The Swiss Swatch group has joined the race to build the next generation of batteries. (SRF/swissinfo.chexternal link)
CEO Nick Hayek says little progress has been made in developing batteries over the past 30 years, but Swatch wants to change this. His company has been carrying out research and investing in finding better materials that are not scarce or dangerous.
Another Swiss company that has already introduced changes in battery design is Leclanché. Their Lithium-ion batteries use titanate instead of the traditional graphite, which helps battery storage systems to charge and discharge at high speed.
The systems can be used to stabilise power generated by solar panels or wind turbines, where there are weather-related energy surges, before sending it on to a grid. A system of this kind is stationed on the campus of the Swiss Federal Institute of Technology in Lausanne.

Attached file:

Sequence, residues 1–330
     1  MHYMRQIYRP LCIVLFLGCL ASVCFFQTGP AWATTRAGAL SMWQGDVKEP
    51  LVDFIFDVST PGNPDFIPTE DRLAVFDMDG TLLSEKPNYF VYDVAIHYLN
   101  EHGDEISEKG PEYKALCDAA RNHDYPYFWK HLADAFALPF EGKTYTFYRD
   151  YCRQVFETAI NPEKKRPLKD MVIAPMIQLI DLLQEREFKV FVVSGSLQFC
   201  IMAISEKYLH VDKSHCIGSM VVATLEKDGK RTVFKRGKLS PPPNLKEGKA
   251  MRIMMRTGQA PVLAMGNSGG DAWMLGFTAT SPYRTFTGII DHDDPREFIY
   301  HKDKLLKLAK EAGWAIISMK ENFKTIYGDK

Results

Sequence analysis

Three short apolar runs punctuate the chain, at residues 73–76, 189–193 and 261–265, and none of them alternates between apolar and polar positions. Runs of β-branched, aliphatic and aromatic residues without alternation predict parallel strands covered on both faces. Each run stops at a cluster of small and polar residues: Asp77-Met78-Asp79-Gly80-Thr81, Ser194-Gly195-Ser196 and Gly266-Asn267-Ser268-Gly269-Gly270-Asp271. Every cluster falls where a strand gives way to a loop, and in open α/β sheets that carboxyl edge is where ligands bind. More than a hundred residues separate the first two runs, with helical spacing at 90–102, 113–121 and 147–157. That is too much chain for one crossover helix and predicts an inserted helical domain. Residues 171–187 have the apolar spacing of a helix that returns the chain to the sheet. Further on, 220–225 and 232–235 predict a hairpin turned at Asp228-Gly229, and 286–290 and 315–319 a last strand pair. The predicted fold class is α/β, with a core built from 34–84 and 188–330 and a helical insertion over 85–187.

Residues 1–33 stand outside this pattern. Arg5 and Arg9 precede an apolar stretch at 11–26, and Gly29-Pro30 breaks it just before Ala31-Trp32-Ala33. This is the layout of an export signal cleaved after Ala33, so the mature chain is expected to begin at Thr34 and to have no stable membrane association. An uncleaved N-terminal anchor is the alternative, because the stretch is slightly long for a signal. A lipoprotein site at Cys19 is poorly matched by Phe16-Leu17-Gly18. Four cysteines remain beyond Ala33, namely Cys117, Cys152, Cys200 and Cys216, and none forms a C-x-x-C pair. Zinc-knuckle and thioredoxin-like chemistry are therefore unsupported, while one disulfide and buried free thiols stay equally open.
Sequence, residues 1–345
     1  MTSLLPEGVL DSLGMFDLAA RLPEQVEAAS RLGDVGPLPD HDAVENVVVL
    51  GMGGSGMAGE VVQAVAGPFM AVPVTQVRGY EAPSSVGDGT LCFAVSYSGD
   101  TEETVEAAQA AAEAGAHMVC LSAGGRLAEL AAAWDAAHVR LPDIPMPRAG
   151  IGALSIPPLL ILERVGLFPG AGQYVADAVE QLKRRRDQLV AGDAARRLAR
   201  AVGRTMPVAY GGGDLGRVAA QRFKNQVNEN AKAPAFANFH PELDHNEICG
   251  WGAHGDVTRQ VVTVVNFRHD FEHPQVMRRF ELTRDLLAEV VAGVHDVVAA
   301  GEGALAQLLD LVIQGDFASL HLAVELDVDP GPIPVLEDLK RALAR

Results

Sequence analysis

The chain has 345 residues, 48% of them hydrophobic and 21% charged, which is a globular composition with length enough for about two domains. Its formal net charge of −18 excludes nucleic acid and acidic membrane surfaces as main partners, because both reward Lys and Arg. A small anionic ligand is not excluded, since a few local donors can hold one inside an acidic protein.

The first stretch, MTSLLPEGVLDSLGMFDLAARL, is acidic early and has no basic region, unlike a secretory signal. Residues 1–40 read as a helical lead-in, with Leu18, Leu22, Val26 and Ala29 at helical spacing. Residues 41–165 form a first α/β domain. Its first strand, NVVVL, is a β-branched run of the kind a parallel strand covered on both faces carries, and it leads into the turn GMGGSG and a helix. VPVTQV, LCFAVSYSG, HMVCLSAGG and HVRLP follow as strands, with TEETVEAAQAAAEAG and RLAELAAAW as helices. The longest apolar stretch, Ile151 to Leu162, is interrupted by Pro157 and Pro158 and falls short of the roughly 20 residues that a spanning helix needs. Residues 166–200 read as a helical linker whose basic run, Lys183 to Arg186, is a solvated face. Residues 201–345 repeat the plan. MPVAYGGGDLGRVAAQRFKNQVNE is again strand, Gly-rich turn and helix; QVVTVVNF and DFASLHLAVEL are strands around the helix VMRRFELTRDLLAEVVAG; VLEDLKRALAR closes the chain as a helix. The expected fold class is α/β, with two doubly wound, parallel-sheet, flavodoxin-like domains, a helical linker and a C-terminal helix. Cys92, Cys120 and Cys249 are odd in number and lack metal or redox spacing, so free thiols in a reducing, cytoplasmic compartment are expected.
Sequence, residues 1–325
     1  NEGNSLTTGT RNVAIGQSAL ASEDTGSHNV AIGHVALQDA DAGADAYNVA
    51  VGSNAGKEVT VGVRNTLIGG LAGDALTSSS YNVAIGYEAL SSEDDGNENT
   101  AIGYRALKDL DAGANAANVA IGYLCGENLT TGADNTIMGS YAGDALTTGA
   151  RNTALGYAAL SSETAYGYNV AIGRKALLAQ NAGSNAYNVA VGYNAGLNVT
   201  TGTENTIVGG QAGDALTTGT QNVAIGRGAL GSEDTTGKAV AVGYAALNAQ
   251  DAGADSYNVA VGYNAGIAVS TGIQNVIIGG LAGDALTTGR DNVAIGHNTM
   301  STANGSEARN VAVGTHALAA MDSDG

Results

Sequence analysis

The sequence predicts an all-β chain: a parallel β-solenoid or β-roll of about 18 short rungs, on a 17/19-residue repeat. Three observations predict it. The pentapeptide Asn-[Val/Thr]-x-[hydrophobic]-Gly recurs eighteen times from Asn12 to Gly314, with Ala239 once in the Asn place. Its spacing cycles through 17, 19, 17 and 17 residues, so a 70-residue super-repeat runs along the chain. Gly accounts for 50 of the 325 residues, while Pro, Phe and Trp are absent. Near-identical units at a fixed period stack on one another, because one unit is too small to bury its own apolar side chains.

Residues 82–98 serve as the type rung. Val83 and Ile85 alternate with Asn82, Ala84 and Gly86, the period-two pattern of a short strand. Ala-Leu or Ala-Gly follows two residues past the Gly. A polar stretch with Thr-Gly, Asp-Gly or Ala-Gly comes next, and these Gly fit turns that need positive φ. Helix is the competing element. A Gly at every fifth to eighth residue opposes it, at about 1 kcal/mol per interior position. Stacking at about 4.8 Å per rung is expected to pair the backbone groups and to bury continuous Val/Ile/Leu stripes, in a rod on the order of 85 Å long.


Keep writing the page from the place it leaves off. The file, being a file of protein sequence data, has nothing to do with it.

The Swiss are in competition with the American luxury electric car giant Tesla, which aims to build 500,000 electric vehicles per year by 2020. Tesla has invested $5 billion in what is billed as the biggest lithium-ion battery factory in the world in the Nevada desert, in a bid to sink battery prices through mass production.